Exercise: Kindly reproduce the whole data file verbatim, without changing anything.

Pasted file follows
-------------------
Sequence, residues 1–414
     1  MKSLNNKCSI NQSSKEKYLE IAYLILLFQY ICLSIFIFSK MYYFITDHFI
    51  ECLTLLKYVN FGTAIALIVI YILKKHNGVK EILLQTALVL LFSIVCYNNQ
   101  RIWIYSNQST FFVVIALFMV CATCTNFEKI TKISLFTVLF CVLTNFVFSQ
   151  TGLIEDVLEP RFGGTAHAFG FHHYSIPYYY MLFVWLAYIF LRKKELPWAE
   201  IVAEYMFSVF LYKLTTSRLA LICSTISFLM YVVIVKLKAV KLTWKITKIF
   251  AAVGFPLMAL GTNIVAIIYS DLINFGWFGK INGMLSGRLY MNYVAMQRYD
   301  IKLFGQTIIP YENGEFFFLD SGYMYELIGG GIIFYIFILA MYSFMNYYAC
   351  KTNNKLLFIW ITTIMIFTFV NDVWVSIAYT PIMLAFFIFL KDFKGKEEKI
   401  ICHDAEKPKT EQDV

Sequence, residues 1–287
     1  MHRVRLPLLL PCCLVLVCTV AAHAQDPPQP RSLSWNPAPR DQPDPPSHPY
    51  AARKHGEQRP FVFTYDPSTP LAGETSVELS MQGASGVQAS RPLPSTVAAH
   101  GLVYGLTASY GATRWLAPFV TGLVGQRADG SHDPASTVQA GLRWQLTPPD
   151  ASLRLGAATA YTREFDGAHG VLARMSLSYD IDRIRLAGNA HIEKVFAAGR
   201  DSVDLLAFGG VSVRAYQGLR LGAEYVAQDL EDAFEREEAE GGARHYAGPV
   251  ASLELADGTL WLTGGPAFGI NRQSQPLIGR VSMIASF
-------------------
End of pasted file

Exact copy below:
Sequence, residues 1–414
     1  MKSLNNKCSI NQSSKEKYLE IAYLILLFQY ICLSIFIFSK MYYFITDHFI
    51  ECLTLLKYVN FGTAIALIVI YILKKHNGVK EILLQTALVL LFSIVCYNNQ
   101  RIWIYSNQST FFVVIALFMV CATCTNFEKI TKISLFTVLF CVLTNFVFSQ
   151  TGLIEDVLEP RFGGTAHAFG FHHYSIPYYY MLFVWLAYIF LRKKELPWAE
   201  IVAEYMFSVF LYKLTTSRLA LICSTISFLM YVVIVKLKAV KLTWKITKIF
   251  AAVGFPLMAL GTNIVAIIYS DLINFGWFGK INGMLSGRLY MNYVAMQRYD
   301  IKLFGQTIIP YENGEFFFLD SGYMYELIGG GIIFYIFILA MYSFMNYYAC
   351  KTNNKLLFIW ITTIMIFTFV NDVWVSIAYT PIMLAFFIFL KDFKGKEEKI
   401  ICHDAEKPKT EQDV

Sequence, residues 1–287
     1  MHRVRLPLLL PCCLVLVCTV AAHAQDPPQP RSLSWNPAPR DQPDPPSHPY
    51  AARKHGEQRP FVFTYDPSTP LAGETSVELS MQGASGVQAS RPLPSTVAAH
   101  GLVYGLTASY GATRWLAPFV TGLVGQRADG SHDPASTVQA GLRWQLTPPD
   151  ASLRLGAATA YTREFDGAHG VLARMSLSYD IDRIRLAGNA HIEKVFAAGR
   201  DSVDLLAFGG VSVRAYQGLR LGAEYVAQDL EDAFEREEAE GGARHYAGPV
   251  ASLELADGTL WLTGGPAFGI NRQSQPLIGR VSMIASF